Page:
- FILE PHOTO
- COOLING OFF : The Central Coast’s own Chuck Liddell recently announced an end to his ultimate fighting.
With the recent retirement of legendary mixed martial artist Chuck Liddell, many aspiring local fighters are trying to fill the void the “Iceman” left when his storied career came to an end and he hung up his four-ounce gloves for good.
Liddell, a former Cal Poly wrestler and a recent Ultimate Fighting Championship Hall of Fame inductee, is widely credited for bringing MMA into the American mainstream and is commonly considered the Central Coast’s most famous athlete (with all due respect to fitness guru Jack LaLanne of Morro Bay, University of Oregon distance runner Jordan Hasay of Arroyo Grande, and Cal Poly athlete and National Football League linebacker Chris Gocong).
“The most famous fighter of all time is right in our backyard. He gave pride and bragging rights to the Central Coast, SLO, Arroyo Grande, and Cal Poly,” said John Hackleman, Liddell’s longtime trainer. “Every fighter around the world who has ever put gloves on looks up to Chuck. So imagine how the guys he trains with and goes out to dinner with feel about his retirement. They are very lucky to have him as a mentor, but they have pretty big shoes to fill.”
Looking to fill those shoes is an array of talented up-and-comers. Topping a long list of local MMA fighters looking to carry on Liddell’s winning ways is Antonio Banuelos, a World Extreme Cagefighting veteran making his UFC debut on Feb. 5.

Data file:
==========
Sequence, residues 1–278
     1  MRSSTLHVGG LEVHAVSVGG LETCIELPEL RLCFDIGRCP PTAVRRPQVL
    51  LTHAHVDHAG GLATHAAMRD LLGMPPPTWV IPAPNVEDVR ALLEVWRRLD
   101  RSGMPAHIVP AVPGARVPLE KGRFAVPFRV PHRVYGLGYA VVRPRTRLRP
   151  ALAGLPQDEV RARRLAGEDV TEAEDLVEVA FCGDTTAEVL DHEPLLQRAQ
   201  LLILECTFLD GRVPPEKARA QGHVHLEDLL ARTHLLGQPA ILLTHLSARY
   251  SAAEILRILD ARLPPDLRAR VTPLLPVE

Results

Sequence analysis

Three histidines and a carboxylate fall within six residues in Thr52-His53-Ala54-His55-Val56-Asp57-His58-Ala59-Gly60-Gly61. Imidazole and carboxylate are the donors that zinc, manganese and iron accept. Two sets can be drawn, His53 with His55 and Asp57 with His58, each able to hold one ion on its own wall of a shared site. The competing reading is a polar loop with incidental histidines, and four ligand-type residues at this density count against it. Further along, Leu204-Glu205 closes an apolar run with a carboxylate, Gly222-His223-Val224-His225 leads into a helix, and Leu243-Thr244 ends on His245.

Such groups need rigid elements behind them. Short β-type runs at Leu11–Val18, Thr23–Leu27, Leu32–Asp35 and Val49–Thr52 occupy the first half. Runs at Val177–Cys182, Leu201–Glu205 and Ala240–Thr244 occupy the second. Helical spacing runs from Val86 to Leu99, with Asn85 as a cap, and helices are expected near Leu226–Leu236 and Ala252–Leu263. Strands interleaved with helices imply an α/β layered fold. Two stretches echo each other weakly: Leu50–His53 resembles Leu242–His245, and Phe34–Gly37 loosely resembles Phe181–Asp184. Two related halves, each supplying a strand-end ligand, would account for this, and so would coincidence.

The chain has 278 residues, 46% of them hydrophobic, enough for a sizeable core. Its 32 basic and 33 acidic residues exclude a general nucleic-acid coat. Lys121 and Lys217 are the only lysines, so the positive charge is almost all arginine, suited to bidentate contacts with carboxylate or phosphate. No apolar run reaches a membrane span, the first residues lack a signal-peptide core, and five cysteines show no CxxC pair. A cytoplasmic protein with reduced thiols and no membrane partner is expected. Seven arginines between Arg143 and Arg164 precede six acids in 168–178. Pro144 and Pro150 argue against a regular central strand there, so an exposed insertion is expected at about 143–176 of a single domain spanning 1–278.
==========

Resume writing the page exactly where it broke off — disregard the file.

“He’s a bundle of dynamic, explosive, in-your-face energy,” Hackleman said of the 135-pound Banuelos, who’s won four of his last five fights. “He’ll slam you on your head or punch you in the face. He started off as a wrestler-based fighter but his striking is now equal to his grappling.”
Also on the list is Scott Lighty, a former professional kickboxer who’s made an impressive transition into MMA and boasts a 6-1 record; the hard-hitting Preston Scharf; the experienced Cruz Gomez;
the UFC The Ultimate Fighter season 11 winner Court McGee; Cal Poly engineering student Mike Gahan; McCarthy’s barkeep Johnny Hackleman; and undefeated Luke Riddering and his wife Christina.
As for Liddell, the 41-year old “Iceman” walks away with a 21-8 record and a legacy that appears untouchable. During his December UFC press conference, Liddell acknowledged his retirement and endearing emotions for his beloved sport by saying, “Most of all I want to thank my fans and my family. I love this sport and I’m excited to go to this new stage in my life and keep promoting the best sport in the world, the sport I love … now that I’m retired.”
Despite no longer fighting, Liddell’s days with the UFC aren’t over: He was named vice president of business development with the UFC.
“Chuck brought the UFC to the Central Coast,” Hackleman said. “He had a huge impact on every fighter in the area. It’s going to be very difficult to emulate his success, but if they do 1/100th of what Chuck accomplished in his career, then it would be awesome.”
Contributor Kai Beech can be reached via Managing Editor Ashley Schwellenbach at firstname.lastname@example.org.